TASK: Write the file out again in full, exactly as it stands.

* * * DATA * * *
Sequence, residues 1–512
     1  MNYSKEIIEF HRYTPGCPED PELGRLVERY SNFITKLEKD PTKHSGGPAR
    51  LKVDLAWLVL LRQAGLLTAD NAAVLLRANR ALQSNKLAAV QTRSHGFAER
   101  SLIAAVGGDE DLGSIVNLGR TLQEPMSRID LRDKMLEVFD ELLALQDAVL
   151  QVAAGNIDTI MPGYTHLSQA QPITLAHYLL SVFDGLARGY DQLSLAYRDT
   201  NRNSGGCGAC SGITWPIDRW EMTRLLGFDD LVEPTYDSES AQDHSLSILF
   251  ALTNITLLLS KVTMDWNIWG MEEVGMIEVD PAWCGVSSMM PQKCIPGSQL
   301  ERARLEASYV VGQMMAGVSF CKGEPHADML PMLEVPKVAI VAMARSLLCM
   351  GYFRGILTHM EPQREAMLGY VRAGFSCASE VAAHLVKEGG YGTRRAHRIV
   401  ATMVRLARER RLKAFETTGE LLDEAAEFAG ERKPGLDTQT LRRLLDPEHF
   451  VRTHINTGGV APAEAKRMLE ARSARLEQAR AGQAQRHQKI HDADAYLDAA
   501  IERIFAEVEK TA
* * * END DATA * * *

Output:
Sequence, residues 1–512
     1  MNYSKEIIEF HRYTPGCPED PELGRLVERY SNFITKLEKD PTKHSGGPAR
    51  LKVDLAWLVL LRQAGLLTAD NAAVLLRANR ALQSNKLAAV QTRSHGFAER
   101  SLIAAVGGDE DLGSIVNLGR TLQEPMSRID LRDKMLEVFD ELLALQDAVL
   151  QVAAGNIDTI MPGYTHLSQA QPITLAHYLL SVFDGLARGY DQLSLAYRDT
   201  NRNSGGCGAC SGITWPIDRW EMTRLLGFDD LVEPTYDSES AQDHSLSILF
   251  ALTNITLLLS KVTMDWNIWG MEEVGMIEVD PAWCGVSSMM PQKCIPGSQL
   301  ERARLEASYV VGQMMAGVSF CKGEPHADML PMLEVPKVAI VAMARSLLCM
   351  GYFRGILTHM EPQREAMLGY VRAGFSCASE VAAHLVKEGG YGTRRAHRIV
   401  ATMVRLARER RLKAFETTGE LLDEAAEFAG ERKPGLDTQT LRRLLDPEHF
   451  VRTHINTGGV APAEAKRMLE ARSARLEQAR AGQAQRHQKI HDADAYLDAA
   501  IERIFAEVEK TA